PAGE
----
Over at ABC, the treatment of Ms. Roberts did not need any PR spin because that was the way they felt, unfiltered. The other situation would definitely need spin, but I have no idea as to how that could have been spun in any positive way.

In the wired world we live in today, with so many levels of connection through the use of the Internet, it’s important that organizations always understand and be aware of the beacon of light that emanates from the corridors of every company.

Organizations should be aware that along with all the advantages that come with an online corporate presence come risks as well due to the openness of being online and an almost instant global reach. Because of that, scenarios like the ones I mentioned above took on a life on their own online.

With the way the Internet works, anyone, anywhere can talk about you, about what you do, and about the services you provide. The interactions people have with any organization, whether it is a business or community group or (more importantly) your valued employees, are some of the most critical and talked about issues you’ll have in the online community.

How will your message be perceived?

All organizations operate by making decisions both big and small. At the manager level, plans are made and teams are led based on decisions. The effectiveness and quality of those decisions always send a message.

That is why, as hard as the decision making process is, that you must remember that a valuable component that has to be added in today’s climate is the message and how it will be perceived in the larger world.

Any people-related decision should not be made without taking that component into consideration, and that includes layoffs, downsizing or any other action you and your organization take.

Yes, it is just that important.

Ron Thomas is a Chief Human Resource & Administrative Officer currently based in Riyadh, Saudi Arabia. He formerly was Director, Talent and Human Resources Solutions at Buck Consultants (a Xerox Company) and is certified by the Human Capital Institute as a Master Human Capital Strategist (MHCS) and Strategic Workforce Planner (SWP). He's also worked in senior HR roles with Martha Stewart Living and IBM. Ron serves on the Harvard Business Review Advisory Council, McKinsey Quarterly Executive Online Panel, and HCI's Expert Advisory Council on Talent Management Strategy. He also serves as a Faculty Partner and Executive Facilitator at the Human Capital Institute. He has received the Outstanding Leadership Award for Global HR Excellence by the World Human Resource Development Congress in Mumbai. Contact him at ronaldtthomas@gmail.com, or on Twitter at http://twitter.com/Ronald_thomas.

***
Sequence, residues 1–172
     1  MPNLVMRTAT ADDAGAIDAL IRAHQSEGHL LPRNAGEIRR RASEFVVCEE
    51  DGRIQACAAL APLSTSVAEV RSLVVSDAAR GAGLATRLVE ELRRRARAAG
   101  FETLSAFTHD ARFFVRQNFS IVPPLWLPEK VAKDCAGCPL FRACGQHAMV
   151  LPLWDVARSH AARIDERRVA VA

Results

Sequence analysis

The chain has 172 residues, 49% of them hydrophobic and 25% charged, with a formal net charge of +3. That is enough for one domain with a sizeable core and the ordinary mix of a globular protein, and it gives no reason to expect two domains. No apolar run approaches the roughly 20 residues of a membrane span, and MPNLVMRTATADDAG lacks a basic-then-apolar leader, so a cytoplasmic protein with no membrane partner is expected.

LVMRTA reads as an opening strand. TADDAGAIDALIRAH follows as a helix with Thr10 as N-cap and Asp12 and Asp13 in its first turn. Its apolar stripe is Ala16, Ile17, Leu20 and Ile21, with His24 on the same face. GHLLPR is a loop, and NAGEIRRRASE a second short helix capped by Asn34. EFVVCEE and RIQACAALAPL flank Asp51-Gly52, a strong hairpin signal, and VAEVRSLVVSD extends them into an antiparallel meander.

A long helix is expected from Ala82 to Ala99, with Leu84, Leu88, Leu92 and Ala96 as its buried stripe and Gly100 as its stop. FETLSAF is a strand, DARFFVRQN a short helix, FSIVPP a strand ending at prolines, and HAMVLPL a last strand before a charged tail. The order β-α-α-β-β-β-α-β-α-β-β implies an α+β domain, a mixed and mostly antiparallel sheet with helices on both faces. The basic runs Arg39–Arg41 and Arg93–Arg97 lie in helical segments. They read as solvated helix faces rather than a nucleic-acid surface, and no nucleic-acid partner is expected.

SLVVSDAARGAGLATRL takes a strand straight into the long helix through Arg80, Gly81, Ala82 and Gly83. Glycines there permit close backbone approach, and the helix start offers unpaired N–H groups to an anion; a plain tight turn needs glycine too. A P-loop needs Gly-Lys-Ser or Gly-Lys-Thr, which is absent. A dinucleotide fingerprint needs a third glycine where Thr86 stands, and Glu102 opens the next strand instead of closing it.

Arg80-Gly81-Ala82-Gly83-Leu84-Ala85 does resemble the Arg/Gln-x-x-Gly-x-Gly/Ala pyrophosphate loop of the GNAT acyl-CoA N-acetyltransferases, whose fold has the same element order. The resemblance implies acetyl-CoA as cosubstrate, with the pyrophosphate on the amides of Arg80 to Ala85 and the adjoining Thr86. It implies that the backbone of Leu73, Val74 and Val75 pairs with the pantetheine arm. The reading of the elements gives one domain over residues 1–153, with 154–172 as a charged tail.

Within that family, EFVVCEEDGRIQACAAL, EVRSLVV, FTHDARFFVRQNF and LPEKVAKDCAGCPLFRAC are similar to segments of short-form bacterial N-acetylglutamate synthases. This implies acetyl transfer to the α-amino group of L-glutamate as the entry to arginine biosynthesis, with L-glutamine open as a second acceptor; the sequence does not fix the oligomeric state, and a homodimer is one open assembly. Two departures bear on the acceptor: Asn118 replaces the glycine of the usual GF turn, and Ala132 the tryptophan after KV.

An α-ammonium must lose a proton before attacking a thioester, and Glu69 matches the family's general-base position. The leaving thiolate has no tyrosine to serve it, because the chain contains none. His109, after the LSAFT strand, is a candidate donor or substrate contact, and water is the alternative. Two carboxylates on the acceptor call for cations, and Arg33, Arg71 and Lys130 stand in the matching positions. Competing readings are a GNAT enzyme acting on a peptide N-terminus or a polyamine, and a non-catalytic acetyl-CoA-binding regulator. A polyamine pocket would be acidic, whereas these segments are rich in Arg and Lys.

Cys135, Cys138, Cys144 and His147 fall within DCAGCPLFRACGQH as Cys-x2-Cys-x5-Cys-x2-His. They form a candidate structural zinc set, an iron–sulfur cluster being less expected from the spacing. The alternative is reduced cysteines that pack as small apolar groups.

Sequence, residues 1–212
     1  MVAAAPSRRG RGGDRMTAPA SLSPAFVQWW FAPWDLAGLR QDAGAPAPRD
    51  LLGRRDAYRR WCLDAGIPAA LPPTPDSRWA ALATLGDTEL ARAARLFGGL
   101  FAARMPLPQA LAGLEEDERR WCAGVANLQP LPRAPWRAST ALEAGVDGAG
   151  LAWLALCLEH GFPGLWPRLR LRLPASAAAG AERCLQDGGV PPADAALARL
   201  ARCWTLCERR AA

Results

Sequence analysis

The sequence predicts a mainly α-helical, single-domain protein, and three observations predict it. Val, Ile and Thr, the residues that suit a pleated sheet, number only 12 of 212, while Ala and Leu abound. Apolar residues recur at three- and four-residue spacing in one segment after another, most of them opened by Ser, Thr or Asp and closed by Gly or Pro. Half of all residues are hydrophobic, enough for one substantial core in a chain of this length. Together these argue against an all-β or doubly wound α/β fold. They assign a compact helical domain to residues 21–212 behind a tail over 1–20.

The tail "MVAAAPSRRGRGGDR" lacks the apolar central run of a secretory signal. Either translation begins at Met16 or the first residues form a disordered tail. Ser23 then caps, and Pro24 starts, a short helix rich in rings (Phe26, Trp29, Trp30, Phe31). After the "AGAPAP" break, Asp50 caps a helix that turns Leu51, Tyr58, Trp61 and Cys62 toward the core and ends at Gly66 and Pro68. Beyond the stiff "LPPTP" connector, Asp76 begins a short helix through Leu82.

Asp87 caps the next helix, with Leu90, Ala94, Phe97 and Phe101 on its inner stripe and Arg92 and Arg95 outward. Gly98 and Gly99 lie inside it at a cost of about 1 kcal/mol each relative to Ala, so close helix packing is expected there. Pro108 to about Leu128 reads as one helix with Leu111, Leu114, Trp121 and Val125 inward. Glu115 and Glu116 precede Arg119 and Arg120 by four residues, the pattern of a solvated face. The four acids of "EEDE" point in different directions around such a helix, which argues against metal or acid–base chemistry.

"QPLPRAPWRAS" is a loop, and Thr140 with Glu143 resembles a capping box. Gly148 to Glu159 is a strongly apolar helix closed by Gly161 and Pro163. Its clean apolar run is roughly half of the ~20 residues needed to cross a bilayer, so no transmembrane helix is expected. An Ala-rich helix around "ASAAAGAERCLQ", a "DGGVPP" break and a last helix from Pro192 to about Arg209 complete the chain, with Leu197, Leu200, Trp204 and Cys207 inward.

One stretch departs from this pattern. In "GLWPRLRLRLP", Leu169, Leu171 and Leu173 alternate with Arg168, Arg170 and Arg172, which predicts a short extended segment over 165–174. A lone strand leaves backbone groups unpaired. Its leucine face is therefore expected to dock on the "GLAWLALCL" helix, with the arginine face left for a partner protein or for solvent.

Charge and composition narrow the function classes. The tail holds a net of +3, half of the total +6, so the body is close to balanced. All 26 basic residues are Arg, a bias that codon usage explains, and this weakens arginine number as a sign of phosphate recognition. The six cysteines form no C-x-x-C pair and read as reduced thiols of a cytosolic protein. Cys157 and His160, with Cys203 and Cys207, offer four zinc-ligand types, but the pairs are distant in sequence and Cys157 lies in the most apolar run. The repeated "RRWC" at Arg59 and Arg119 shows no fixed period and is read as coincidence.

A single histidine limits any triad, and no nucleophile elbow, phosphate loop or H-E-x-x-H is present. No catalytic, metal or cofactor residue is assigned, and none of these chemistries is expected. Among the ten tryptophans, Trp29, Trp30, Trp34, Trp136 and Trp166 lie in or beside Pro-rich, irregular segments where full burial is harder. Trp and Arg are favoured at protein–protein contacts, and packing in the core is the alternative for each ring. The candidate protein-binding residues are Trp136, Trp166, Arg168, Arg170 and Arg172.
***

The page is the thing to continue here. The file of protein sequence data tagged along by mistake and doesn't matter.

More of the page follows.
• http://twitter.com/_GaryWinters_ Gary Winters

    I see examples of this type of poor thinking over and over again. Maybe that company HAD to lay people off. It did NOT have to do it in the midst of Hurricane Sandy, or right before Christmas. Did no one have the capability to shift plans around and wait till the crisis passed?

    ABC looks good about how it treated Robin Roberts. The upper management, though, needs to send the memo to the entire staff. If “take care of our own” only includes those the public sees, ABC’s not going to look good for long.